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Job Posting Scams and How to Avoid Them

Newspaper job ad to illustrate job scams
June 27, 2017

Stay safe while job hunting

In the evolving world of cybercrime, it has become increasingly important to stay cybersafe while looking for a new job. Recently, there has been an increase in false job listings and bogus job board websites. These fake postings are meant to reel in job applicants to steal their money or sensitive personal information. Learn the warning signs of these criminal schemes.

What You
Should Know

Even legitimate job boards can feature fake job postings from criminals looking to steal your personal information or your money.

What You
Can Do

Know the warning signs of fake job postings: bad grammar, a too-high salary, and "no experience necessary."

42.9% of applicants search for jobs on job boards.1

Major scams to look out for

These are the popular ways criminals are targeting job applicants.

  • Fake jobs on legitimate job boards: Be wary—scammers are now posing as job recruiters and offering jobs with wildly high salaries, usually for remote positions. They will employ applicants for a period of time, then disappear with all of their financial information without paying them for time worked.
  • Spear-phishing/whaling scams: Scammers aren’t only after your personal information. Spear-phishing (attacks directed at individuals) and whaling (attacks directed at companies or executives) are on the rise for professionals. If you have your email or profile linked to a professional website, scammers can gain information about you.
  • Fake jobs on social media: There are many fake job profiles popping up on popular social media sites. Always verify the company and the recruiter by going to the company’s job listing page first.2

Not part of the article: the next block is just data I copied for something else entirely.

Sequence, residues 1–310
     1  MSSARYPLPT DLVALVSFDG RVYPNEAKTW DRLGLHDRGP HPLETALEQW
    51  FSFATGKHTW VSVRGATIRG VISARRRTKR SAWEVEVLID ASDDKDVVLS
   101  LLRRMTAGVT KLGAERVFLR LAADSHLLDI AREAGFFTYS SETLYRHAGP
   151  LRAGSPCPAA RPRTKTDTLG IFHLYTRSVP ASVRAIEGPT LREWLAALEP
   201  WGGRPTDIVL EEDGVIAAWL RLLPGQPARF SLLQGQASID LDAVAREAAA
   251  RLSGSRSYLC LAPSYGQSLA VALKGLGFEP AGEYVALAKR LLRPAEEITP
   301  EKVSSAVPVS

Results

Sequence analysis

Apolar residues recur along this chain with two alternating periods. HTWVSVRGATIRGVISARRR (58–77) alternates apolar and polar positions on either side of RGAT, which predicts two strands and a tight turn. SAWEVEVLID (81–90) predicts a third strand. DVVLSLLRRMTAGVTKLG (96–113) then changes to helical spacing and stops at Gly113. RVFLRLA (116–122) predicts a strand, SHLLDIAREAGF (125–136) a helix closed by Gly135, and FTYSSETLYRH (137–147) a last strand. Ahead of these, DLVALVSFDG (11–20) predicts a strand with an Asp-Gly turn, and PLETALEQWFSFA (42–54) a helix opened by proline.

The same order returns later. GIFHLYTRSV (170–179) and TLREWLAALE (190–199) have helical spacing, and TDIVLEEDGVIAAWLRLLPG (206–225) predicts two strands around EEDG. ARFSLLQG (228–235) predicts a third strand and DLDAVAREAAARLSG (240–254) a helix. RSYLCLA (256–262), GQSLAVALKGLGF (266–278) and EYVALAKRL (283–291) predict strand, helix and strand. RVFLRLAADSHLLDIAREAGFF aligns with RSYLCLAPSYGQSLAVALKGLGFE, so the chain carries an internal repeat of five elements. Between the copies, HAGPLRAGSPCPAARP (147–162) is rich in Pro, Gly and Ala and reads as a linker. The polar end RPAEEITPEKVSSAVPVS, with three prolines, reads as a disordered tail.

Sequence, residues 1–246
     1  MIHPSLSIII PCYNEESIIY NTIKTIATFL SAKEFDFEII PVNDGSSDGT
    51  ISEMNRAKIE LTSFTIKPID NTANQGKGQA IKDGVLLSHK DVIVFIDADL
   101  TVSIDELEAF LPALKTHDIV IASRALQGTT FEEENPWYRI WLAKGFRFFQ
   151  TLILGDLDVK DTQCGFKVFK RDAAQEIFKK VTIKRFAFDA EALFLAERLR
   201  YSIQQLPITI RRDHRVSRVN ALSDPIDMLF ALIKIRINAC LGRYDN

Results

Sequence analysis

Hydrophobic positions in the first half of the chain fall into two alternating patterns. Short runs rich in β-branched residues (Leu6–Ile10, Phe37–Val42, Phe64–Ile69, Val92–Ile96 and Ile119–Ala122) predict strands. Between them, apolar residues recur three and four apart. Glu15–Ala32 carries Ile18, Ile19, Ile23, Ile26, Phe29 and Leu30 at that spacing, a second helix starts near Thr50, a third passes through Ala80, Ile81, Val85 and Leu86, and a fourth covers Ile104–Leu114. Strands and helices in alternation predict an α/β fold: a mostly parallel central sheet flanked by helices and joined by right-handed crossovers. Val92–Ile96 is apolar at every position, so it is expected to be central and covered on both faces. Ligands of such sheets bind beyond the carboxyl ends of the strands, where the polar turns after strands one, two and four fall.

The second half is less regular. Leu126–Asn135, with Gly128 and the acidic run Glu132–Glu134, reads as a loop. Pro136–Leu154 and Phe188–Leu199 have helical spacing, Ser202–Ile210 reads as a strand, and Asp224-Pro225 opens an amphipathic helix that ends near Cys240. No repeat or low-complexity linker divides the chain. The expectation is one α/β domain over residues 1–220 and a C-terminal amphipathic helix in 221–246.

7 job listing red flags

Be sure to keep an eye out for job postings that are suspicious, unprofessional, and too good to be true. The following indicators should tip you off that something’s not right.

  1. The posting says “no experience necessary.” This is a telling sign that the job you’re looking at is a possible scam. Criminals use this language to trap as many victims as possible.
  2. The salary is too high for the level of the position. High salaries are a surefire way to lure in unassuming applicants. Be sure the salary is proportionate to the job you’re applying for.
  3. There are misspellings and grammatical mistakes. If a listing has one too many mistakes, it should raise your suspicions. Though anyone is liable to misspell a word or miss a comma, consistent mistakes should put you on alert.
  4. You need to pay a fee to apply for the job. Some scammers push applicants to join a job membership site or pay for a resume review or software. This is just a ploy to take your money. Often, the criminals and job offers disappear once you’ve paid for these services and programs.
  5. You need to pay a fee after you’ve been hired. Some criminals will request that applicants wire them money once they get the job. Employers should not ask anyone to pay to work. Avoid anyone that does.
  6. The company requests your personal information. Signing W-2 forms is a standard activity for your first day on the job. If the company you’re applying to begins requesting sensitive personal information, like your social security number, credit card information and more, stop and ask them why they need it.

Remain vigilant during your job search

As you progress in your job search—planning interviews and fielding emails from companies—stay mindful of your cyber safety. Research the companies and positions you’re interested in. Do your due diligence to be sure the job you want is legitimate.

If you believe you’ve been targeted by a job scam, file a complaint with the Federal Trade Commission.

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